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Elephant in niche DP033958

*

Elephant Tea Rooms, 64 - 66 Fawcett Street, Sunderland. Elephant in niche.
© Historic England


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3.6 3.6 Summary

  • Since the heyday of the centralised nation state in the 1930s and 1940s, most of Europe's regions have grown increasingly more important in economic, political and/or cultural terms.

  • This growth has been largely in response to regional inequalities in economic development, threats to traditional regional cultures, and the political federalisation of states, whether to reduce their centralised power or to contain regional separatisms.


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    Except for third party materials and otherwise stated (see terms and conditions), this content is made available under a Creative Commons Attribution-NonCommercial-ShareAlike 2.0 LicenceCopyright © 2

2.4.1 Archaeological evidence

This feels in some ways like the most ‘real’ source – where you can almost touch the Classical world, and where you get a sense of what the Classical world looked like. Classical archaeology covers a wide range of areas: not just buildings like the Parthenon or the temples at Paestum, but also cities, landscapes, graves, coins, battlefields, everyday items, plant and animal remains, ancient rubbish and much else. Archaeology often throws up evidence where literature doesn't. People, aft
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1 The Chinese Welfare Association's Carer Support Project, Belfast

This audio unit features a project that was set up in Northern Ireland specifically to support Chinese carers. It is one of several projects being run by the Chinese Welfare Association in Belfast at that time.

The Chinese Welfare Association

The Chinese Welfare Association is a voluntary orga
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Chaos and the Art of Visualising Complexity
Professor Michael Field, from Imperial College London, address the question of what chaos is (and is not) and how one can visualise and describe the general mathematics of chaos and complex dynamics. It will also include some striking images of chaos and numerical demonstrations.
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Lesson 02 - One Minute Luxembourgish
In lesson 02 of One Minute Luxembourgish you will learn a few more useful words in Luxembourgish which you'll use every day. Remember - even a few phrases of a language can help you make friends and enjoy travel more. Find out more about One Minute Languages at our website - http://www.oneminutelanguages.com. One Minute Luxembourgish is brought to you by the Radio Lingua Network and is ©Copyright 2008.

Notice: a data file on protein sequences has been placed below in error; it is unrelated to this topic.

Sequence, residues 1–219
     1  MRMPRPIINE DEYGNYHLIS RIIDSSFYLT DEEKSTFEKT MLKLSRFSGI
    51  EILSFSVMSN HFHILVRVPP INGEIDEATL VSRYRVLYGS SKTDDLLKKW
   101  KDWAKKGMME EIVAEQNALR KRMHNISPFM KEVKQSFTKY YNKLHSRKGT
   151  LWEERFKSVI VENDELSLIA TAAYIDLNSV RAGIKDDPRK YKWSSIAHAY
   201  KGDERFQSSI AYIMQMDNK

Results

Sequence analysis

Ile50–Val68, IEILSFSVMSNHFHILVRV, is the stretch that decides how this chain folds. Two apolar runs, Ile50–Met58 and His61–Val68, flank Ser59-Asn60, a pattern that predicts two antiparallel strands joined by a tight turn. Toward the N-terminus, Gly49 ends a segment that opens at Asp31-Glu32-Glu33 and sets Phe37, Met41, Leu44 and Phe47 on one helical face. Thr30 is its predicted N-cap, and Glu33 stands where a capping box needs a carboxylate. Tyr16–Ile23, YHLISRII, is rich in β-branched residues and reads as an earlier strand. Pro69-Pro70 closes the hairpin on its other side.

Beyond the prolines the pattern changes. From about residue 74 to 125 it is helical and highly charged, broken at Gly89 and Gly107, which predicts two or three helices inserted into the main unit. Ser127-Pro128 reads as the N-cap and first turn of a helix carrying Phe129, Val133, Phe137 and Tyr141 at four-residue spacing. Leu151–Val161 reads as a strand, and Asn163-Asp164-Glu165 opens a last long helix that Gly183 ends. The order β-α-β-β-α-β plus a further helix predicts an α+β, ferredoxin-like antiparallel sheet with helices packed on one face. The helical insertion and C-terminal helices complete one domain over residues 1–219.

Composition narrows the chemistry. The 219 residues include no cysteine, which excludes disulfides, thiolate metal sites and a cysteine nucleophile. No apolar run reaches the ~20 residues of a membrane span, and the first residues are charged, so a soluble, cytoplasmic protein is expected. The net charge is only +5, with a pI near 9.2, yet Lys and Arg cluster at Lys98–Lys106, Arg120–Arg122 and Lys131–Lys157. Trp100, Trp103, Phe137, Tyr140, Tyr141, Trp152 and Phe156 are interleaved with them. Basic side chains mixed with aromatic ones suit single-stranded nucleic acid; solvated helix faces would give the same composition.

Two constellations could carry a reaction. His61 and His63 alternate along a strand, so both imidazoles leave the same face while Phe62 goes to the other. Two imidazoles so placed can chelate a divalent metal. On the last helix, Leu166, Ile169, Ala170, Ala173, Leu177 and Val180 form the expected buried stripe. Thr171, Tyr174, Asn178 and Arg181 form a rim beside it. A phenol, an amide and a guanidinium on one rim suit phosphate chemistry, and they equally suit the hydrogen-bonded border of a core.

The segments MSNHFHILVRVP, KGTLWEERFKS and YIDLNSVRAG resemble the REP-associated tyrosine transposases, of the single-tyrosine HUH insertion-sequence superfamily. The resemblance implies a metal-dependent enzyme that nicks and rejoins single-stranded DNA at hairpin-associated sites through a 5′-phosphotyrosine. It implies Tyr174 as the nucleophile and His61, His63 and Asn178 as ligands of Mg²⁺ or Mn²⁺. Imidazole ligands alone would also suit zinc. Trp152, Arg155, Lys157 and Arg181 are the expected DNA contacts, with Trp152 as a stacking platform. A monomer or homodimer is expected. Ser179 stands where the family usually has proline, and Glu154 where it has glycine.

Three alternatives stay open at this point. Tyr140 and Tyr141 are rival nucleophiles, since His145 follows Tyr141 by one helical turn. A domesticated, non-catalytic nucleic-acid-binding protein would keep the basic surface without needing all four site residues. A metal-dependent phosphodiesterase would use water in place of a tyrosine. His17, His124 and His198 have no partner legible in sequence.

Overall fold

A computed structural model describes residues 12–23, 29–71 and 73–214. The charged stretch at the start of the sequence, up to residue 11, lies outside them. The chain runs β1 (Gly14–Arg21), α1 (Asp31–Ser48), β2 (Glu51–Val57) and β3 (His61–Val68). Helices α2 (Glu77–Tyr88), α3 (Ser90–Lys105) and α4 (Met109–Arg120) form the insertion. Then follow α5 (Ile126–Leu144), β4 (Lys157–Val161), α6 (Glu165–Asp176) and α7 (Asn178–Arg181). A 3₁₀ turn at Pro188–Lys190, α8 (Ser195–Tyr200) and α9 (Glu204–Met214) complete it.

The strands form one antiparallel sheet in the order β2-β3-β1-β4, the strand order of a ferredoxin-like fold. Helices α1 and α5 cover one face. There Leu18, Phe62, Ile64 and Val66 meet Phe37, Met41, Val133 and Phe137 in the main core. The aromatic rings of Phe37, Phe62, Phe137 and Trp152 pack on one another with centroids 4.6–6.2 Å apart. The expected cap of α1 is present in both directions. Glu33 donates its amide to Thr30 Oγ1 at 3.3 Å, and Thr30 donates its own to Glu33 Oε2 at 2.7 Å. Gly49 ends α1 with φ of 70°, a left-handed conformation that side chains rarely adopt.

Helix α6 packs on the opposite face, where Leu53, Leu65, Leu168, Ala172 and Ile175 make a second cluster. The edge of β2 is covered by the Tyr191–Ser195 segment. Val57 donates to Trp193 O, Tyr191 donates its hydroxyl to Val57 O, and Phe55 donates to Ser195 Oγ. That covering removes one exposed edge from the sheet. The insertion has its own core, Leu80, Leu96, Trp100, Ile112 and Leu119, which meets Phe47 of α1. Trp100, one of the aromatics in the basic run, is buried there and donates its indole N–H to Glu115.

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References

The Belfast Agreement (1998) London, The Stationery Office.
Burgess, M. and Gagnon, A.G. (1993) Comparative Federalism and Federation, London, Harvester Wheatsheaf.
Colley, L. (1992) Britons: Forging the Nation 1707–1837, London, Vintage.
Cooke, P., Christiansen, T. and Schienstock, G. (1997) ‘Regional economi
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Learning outcomes

After studying this course, you should be able to:

  • explain the key components of project closure and their importance

  • plan an effective project closure

  • ensure that the project activities have been completed

  • recognise problems that may need to be resolved at the closure stage

  • contribute to evaluating a project.


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1.2 The formation of NHS trusts

Figure 2.6

6.4 Rapid-response genes and rhythmic neuronal activity

Reactive changes in the brain are usually marked by changes in neuronal electrical activity. If these changes are to be of long duration, adjustments in neuronal electrical behaviour may be made through changes in gene expression. Rapid-response genes (sometimes called ‘immediate-early’ genes) are activated within minutes of the onset of such sustained electrical activity. These genes are master controls, acting as a gateway to a series of linked events: alteration of electrical firing pa